FORTUNE -- Much was made of last year's temporary repeal of the estate tax. Thanks to legislation passed in 2001, the tax on money left to heirs fell from a top rate of 45% in 2009 to 0% in 2010. That one-year free pass has been withdrawn: The tax was reinstated on Dec. 17 in a deal between Republicans and the White House. For the next two years the tax will return with a much higher exemption level ($5 million for individuals, $10 million for couples) than before and a lower rate (35%) than just about anyone expected.
But while the debate about the controversial "death tax" has settled down for the moment, the real boost to the wealthy under the new rules has gone largely unnoticed. In the same bill, the gift-tax exemption was raised from $1 million per person to $5 million, and from $2 million for a couple to $10 million -- same as the estate tax. Anything above that amount will also be taxed at the historically low rate of 35%.
Identical exemption levels and tax rates apply to a separate tax levied when someone passes money on to grandchildren -- the so-called generation-skipping transfer tax. "For the first time since 1932 you can give away $5 million without incurring a gift tax," says Jonathan Bergman, vice president of Palisades Hudson Financial Group in Scarsdale, N.Y.
Indeed, the amount of money you can now transfer tax-free to your heirs if you do so while you are alive -- as opposed to bequeathing it to them at death -- is staggering. Daniel L. Kesten, an attorney at Davis & Gilbert in New York City, says that a couple in their fifties could put $10 million into a type of trust that would allow them to pay the taxes on the gains during their lifetime and, by doing so, move more money out of their estate. He calculated a scenario for a client who lived for 30 years after setting up what's known as an "intentionally defective grantor trust" and paid the taxes the whole time: If the assets grew at 5%, the heir would receive more than $43 million free of estate taxes.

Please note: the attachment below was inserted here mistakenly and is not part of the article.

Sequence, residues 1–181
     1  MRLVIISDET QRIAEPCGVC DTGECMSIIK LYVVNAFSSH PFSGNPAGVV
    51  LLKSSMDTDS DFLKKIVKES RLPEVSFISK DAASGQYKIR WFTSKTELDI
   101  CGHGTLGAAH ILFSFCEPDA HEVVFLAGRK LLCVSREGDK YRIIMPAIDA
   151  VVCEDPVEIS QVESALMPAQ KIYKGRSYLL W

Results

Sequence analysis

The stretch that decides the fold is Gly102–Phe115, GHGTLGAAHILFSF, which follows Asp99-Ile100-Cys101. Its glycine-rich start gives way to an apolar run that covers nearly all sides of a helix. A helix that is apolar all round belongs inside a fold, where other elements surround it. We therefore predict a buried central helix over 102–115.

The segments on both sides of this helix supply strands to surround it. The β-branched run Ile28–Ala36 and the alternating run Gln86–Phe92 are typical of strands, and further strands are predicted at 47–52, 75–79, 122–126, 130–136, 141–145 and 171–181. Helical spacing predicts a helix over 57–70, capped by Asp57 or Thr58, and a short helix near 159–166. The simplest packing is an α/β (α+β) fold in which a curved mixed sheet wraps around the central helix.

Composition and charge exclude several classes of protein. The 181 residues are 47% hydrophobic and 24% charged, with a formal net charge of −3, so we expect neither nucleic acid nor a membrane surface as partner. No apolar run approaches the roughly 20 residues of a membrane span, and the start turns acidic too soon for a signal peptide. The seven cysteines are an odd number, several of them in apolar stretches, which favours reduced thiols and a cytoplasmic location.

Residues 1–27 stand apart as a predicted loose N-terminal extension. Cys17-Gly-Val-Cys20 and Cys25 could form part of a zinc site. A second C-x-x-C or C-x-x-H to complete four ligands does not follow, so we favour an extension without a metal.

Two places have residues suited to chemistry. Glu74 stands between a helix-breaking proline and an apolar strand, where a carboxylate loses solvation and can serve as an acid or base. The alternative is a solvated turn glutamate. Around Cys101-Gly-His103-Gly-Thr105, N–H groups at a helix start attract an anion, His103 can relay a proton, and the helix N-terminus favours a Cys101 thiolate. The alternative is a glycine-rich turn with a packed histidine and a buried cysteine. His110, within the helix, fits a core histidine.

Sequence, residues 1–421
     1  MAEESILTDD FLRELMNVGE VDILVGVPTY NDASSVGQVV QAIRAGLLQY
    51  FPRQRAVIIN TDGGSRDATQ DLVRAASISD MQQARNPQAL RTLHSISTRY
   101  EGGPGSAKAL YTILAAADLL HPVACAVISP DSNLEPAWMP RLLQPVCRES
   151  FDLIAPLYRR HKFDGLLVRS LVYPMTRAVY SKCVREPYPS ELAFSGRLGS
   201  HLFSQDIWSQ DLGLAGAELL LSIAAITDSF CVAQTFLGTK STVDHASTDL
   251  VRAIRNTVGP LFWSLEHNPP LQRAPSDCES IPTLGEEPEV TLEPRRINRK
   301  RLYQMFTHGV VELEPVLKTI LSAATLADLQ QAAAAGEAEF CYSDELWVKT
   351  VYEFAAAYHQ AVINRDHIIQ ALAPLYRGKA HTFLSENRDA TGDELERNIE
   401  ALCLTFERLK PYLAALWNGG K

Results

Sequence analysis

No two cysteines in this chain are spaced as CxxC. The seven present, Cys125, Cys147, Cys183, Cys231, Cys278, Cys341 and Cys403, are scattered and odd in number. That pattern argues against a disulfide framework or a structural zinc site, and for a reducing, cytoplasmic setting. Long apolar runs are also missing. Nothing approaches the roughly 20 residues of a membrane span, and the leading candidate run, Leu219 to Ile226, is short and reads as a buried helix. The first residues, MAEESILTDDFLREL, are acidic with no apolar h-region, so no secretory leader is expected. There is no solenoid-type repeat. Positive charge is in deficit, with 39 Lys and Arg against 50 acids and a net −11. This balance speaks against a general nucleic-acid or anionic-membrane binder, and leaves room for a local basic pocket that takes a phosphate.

Bergman has clients who have basically done that. The couple had already put $2 million into a trust for their only son, using up the previous gift-tax exemption. In January they put another $8 million in trust, and they plan to pay the taxes over the next two or three decades of their lives. (This gift exemption is separate from the annual gift exclusion. Under current rates, anyone can still give $13,000 a year to as many people as he wants without having to pay a tax.)
Leiha Macauley, an attorney at Day Pitney in Boston, added that giving money while you're living also reduces the amount that will be subject to additional taxes at the state level. Currently 20 states have estate taxes -- with rates up to 16% -- whereas only a handful have separate gift taxes.
The big risk today is for people who want to give their heirs gifts over the $10 million exemption level in order to take advantage of the 35% gift-tax rate before it potentially rises again. If the Republicans gain control of the presidency and Congress in 2012 and fully repeal the estate tax, that group might end up having paid gift taxes for no reason. But with the rules so friendly already, why push your luck?